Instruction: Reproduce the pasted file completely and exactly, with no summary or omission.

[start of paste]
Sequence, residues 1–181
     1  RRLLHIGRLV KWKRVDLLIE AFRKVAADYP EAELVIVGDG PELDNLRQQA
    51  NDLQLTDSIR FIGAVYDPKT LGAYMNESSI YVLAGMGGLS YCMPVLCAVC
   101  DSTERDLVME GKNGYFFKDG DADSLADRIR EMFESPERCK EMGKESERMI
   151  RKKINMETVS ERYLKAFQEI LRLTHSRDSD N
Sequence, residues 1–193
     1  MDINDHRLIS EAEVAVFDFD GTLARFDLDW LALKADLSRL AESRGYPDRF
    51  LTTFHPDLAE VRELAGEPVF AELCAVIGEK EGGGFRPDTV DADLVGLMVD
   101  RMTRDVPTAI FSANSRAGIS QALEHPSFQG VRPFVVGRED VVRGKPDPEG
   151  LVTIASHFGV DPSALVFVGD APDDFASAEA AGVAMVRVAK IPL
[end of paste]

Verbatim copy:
Sequence, residues 1–181
     1  RRLLHIGRLV KWKRVDLLIE AFRKVAADYP EAELVIVGDG PELDNLRQQA
    51  NDLQLTDSIR FIGAVYDPKT LGAYMNESSI YVLAGMGGLS YCMPVLCAVC
   101  DSTERDLVME GKNGYFFKDG DADSLADRIR EMFESPERCK EMGKESERMI
   151  RKKINMETVS ERYLKAFQEI LRLTHSRDSD N
Sequence, residues 1–193
     1  MDINDHRLIS EAEVAVFDFD GTLARFDLDW LALKADLSRL AESRGYPDRF
    51  LTTFHPDLAE VRELAGEPVF AELCAVIGEK EGGGFRPDTV DADLVGLMVD
   101  RMTRDVPTAI FSANSRAGIS QALEHPSFQG VRPFVVGRED VVRGKPDPEG
   151  LVTIASHFGV DPSALVFVGD APDDFASAEA AGVAMVRVAK IPL